For those of you too busy to check in on the RADII website every day, we’ve got you every Monday with a summary of all our stories from the last week. In this edition:
- You know him as the K-pop hearthrob, but do you know the real reason why Henry Lau decided to combine classical music with hip hop? We had a blast chatting with the wonderkid about his hobbies, his career, and how he balances his cultural identity across so many countries.
- Are there really magical creatures at Jiangxi's Xinyu Fairy Lake? Let’s find out.
- Lots of movies were released recently and China’s got some choice hot takes on all of them.
Intrigued? Keep scrolling, my friend.
How do you know you’ve officially made it? Is it your first primetime TV appearance? Your first sold-out stadium show? Or, perhaps, the day you realize that you can no longer attend a movie without being photographed by random people? For Canadian Henry Lau, believe it or not, it was when he was offered free apples in the supermarket.
“I’ve never gotten free stuff, ever. [The store clerk] was like, ‘Take a few more apples. You could take them, you know.’ And then that’s when I knew, yo, I made it,” he tells RADII.
But Lau’s story didn’t start there. Before the free apples, a deal with one of South Korea’s leading agencies — SM Entertainment, and before debuting as a member of the musical group Super Junior-M, he was a self-declared “very nerdy” Canadian teenager with a passion for classical music.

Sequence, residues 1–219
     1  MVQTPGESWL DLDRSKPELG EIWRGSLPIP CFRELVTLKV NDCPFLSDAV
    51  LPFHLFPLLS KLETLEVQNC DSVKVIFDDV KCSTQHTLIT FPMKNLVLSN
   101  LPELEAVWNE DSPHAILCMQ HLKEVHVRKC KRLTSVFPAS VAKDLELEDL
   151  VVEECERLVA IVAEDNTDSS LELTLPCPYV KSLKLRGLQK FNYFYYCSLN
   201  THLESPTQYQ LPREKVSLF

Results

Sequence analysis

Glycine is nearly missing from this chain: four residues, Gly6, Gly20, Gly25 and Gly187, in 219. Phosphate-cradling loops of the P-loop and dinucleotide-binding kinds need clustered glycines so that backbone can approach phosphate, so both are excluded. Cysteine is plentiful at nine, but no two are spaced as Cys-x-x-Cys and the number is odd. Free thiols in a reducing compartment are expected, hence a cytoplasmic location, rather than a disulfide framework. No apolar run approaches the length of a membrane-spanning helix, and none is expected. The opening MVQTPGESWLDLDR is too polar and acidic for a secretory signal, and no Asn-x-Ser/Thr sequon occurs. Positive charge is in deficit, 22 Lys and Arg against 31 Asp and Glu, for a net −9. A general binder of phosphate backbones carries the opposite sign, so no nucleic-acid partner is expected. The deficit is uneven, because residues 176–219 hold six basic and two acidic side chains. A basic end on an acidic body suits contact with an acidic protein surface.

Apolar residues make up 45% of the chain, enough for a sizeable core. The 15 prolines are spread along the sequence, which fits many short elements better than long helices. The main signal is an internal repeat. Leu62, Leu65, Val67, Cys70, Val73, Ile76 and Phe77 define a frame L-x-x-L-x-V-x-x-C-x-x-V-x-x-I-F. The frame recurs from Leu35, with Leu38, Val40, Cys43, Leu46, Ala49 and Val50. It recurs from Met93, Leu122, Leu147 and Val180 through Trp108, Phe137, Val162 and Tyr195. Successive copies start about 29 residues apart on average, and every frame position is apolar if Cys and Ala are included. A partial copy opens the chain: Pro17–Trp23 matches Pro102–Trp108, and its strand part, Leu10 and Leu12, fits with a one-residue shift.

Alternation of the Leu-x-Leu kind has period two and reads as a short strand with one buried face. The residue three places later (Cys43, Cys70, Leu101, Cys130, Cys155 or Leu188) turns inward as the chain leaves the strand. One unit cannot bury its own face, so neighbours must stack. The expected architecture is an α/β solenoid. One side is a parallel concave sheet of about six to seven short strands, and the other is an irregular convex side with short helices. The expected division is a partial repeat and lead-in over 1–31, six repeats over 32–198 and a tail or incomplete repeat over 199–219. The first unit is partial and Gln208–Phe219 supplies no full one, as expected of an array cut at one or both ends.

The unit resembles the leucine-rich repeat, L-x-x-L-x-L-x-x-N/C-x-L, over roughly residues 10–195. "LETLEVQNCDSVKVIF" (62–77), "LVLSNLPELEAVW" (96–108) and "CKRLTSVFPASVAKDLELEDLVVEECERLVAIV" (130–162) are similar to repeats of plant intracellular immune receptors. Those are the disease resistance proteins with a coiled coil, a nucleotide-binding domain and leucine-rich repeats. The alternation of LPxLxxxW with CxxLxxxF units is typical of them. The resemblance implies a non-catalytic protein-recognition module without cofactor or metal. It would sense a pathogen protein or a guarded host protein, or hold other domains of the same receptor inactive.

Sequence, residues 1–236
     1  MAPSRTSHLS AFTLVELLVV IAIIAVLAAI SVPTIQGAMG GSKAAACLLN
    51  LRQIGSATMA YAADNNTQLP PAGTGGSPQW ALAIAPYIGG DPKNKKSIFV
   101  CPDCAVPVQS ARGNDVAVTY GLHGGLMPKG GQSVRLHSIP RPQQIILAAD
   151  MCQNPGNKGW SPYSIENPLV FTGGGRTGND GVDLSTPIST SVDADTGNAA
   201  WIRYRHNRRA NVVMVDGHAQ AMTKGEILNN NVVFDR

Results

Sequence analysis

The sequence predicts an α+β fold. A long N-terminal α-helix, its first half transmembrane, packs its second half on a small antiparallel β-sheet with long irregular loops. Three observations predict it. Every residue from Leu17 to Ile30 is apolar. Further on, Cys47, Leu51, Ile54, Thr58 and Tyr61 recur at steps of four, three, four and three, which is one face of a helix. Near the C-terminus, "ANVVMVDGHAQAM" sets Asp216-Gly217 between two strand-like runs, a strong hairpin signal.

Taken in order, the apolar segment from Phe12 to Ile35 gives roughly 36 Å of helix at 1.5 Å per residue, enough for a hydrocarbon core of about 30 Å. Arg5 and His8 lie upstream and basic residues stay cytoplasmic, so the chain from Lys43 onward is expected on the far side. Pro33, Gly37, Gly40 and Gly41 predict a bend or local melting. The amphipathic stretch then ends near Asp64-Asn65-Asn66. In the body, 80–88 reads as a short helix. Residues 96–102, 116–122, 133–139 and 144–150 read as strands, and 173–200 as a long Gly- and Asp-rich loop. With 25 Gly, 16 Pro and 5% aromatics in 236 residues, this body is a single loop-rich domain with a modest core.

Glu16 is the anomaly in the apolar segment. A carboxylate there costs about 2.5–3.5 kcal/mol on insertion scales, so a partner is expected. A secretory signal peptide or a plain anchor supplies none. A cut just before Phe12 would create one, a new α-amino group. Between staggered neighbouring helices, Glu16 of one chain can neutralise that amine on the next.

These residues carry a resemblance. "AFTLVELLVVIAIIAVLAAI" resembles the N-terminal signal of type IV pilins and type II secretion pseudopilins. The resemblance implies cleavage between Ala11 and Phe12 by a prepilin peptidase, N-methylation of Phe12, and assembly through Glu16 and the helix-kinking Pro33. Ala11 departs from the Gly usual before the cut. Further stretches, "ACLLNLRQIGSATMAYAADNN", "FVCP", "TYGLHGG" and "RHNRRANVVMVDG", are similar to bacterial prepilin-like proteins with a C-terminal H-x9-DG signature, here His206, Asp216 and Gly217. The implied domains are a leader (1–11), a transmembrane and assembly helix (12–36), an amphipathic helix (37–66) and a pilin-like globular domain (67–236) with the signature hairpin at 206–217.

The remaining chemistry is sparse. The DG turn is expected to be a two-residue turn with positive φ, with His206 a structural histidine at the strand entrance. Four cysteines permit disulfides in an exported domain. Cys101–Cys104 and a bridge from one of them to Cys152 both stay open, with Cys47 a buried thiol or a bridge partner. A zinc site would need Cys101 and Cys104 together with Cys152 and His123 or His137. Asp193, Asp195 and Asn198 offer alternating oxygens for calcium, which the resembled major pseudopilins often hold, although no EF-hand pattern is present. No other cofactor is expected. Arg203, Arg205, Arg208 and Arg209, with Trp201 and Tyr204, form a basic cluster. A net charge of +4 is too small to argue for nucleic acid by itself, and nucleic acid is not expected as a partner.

So when did Henry first pick up a musical instrument? We sat down with the Street Dance of China star for a DMC (deep meaningful conversation).
Watching a film is something many of us take for granted. For China’s visually impaired, it requires the help of a film narrator
We talked to several people who are doing the good work of giving the blind the chance to "see" movies - including Liu, a regular volunteer at a community program in Beijing who has been narrating for nine years, and Xiufeng, a Wuxi-based freelancer who started the Blind Hollywood voice-over audio project.
It requires skills and practice to explain a movie well, narrators say. While narrating in real-time in front of the audience, it’s difficult to explain everything in between dialogue without pausing or interrupting the film. So how do they decide when and where to begin talking to best service the art form? We found out.
- There’s a lake in Jiangxi in south-east China that's known for a famous legend involving beautiful fairy women. RADII’s Managing Editor, Matt Bossons, traveled there hungover one morning to see if they’re still around.
- After being detained last month for soliciting a prostitute, renowned Chinese pianist Li Yundi quickly joined the ranks of the country’s immoral artists. What does the pianist’s fall from grace tell us about the country’s cancel culture?
- What do you know about Chinese dance choreographers? We checked out a three-day contemporary dance festival at Shanghai’s West Bund Museum and felt très inspired.
- Have you seen Dune yet? Some are saying it’s Star Wars for adults, but the film hasn’t exactly been a smash hit in China.
- Despite changing the name of Eileen Chang’s novella into Love After Love for the movie adaptation, the Chinese audience exhibited very little love for it.
We know. Traveling to China is harder than rocket science these days, and all of you stuck outside miss it terribly.
That's why we think you’ll enjoy this Youtube channel: Walk East.
The video creator is offering travel-hungry folks an inside look at some of China’s most spectacular locations — and you can watch from the comfort of your armchair. Fancy a stroll inside the Forbidden City? Sit back and enjoy.
Are you a gifted meme maker? Or a storyteller crazy about Chinese youth culture? Take a look below, because we’re currently hiring for the following positions: